On Monday at the Capitol, before unveiling bills targeting police reforms and the justice system, the lawmakers knelt at the Emancipation Hall for eight minutes and forty-six seconds. That is how long officer Derek Chauvin had his knee on Floyd’s neck.
In all, there were about two dozen Democratic lawmakers, including Nancy Pelosi and Chuck Schumer who also wore the sashes. When the photos went online, the response was immediate.
But Karen Bass, chairwoman of the Congressional Black Caucus explained at the unveiling of the bills that white lawmakers joined in on the occasion in order to lend support for racial justice.
Bass, who represents California’s 37th district, explained: “The significance of the Kente cloth is our African heritage. And for those of you without that heritage, we’re acting in solidarity. That is the significance of the Kente cloth — our origins and respecting our pasts.”
But she did not stop those who thought both the cloth and the kneeling were empty exhibitions.
Screenwriter and TV director Eric Haywood asked on Twitter, “What if they, like, just passed some laws instead of dressing up like a Wakandan chess set?”.
That sentiment was shared by Princeton University professor and author, Keeanga-Yamahtta Taylor who added: “get off your f-king knees and change the damn policies, redistribute the funds, and stop the evictions and foreclosures.”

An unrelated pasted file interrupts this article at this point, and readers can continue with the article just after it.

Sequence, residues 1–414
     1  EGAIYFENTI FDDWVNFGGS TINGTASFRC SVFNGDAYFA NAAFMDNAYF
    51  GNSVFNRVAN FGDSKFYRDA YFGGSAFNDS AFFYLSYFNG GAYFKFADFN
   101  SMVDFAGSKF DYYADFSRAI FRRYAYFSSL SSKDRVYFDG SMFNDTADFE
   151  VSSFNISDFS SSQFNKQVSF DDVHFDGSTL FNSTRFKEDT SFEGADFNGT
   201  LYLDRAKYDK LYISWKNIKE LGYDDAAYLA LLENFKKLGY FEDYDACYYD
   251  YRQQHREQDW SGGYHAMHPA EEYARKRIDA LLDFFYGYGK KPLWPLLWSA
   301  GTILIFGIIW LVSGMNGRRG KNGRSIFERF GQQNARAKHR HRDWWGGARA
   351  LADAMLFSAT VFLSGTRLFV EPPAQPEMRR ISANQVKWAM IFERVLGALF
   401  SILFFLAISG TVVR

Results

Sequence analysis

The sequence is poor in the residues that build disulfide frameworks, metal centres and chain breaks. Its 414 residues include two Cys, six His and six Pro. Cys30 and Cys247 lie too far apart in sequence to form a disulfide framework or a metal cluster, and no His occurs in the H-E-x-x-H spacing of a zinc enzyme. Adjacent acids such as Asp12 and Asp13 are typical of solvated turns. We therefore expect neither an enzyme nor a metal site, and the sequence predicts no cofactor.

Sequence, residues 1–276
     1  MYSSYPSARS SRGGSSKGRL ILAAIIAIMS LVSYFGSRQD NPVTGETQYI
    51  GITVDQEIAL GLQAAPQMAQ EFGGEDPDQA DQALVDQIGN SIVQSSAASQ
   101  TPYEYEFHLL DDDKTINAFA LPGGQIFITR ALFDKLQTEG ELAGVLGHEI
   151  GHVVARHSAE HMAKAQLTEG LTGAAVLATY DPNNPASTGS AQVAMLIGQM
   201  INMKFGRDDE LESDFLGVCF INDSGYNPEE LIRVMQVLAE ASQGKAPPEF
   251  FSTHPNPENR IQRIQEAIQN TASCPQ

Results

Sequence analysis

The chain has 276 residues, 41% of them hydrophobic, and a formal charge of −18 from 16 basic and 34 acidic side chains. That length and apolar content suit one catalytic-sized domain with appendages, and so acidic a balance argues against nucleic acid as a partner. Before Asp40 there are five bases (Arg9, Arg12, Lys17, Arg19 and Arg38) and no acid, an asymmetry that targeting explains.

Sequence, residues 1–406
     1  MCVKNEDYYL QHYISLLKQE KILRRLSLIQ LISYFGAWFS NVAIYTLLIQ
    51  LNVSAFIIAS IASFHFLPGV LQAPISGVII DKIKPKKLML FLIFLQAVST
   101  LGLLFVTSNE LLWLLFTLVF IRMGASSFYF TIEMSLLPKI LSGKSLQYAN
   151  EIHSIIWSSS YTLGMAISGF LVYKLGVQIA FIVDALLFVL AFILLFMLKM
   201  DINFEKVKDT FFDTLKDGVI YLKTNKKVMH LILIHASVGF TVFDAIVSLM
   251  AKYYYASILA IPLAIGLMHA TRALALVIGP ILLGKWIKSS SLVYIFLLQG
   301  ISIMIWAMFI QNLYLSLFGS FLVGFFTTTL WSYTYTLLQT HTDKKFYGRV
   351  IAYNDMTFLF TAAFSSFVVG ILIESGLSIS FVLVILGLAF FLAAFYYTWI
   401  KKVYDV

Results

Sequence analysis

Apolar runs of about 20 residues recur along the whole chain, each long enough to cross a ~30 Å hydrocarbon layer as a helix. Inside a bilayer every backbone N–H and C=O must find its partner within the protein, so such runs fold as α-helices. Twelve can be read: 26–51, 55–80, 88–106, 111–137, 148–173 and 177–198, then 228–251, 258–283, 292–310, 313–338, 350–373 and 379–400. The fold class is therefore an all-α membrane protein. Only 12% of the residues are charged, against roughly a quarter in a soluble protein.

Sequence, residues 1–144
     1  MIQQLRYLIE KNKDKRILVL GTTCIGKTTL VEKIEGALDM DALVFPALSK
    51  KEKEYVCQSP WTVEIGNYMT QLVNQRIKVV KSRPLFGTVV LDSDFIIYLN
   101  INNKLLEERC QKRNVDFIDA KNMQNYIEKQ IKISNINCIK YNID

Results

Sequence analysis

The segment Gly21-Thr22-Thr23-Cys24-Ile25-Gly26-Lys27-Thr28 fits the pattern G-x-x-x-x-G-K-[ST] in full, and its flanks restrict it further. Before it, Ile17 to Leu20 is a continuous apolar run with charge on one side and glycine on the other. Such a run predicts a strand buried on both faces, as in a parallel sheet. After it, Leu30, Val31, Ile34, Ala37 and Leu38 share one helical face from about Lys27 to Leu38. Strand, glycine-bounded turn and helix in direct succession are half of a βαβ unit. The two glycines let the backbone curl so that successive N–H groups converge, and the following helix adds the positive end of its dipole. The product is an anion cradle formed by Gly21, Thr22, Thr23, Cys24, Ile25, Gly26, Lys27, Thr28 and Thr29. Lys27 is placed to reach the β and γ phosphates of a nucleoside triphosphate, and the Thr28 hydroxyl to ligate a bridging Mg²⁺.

A Brief History of Kente
Kente weaving is said to be indigenous to the West African country of Ghana. Some scholars have, however, forwarded that its origin stems from Western Sudan as far back as the 16th century, and was introduced to the ancestral natives of present-day Ghanaians through trade contacts.
The Asante have laid claim to pioneering Kente weaving in Ghana, using an age-old folk story of two brothers (Nana Kuragu and Nana Ameyaw) who learnt the noble art of Kente-weaving by observing a spider spin its web on a farm they visited.
But the Ewe of Ghana and Togo also boast of a long history of Kente weaving.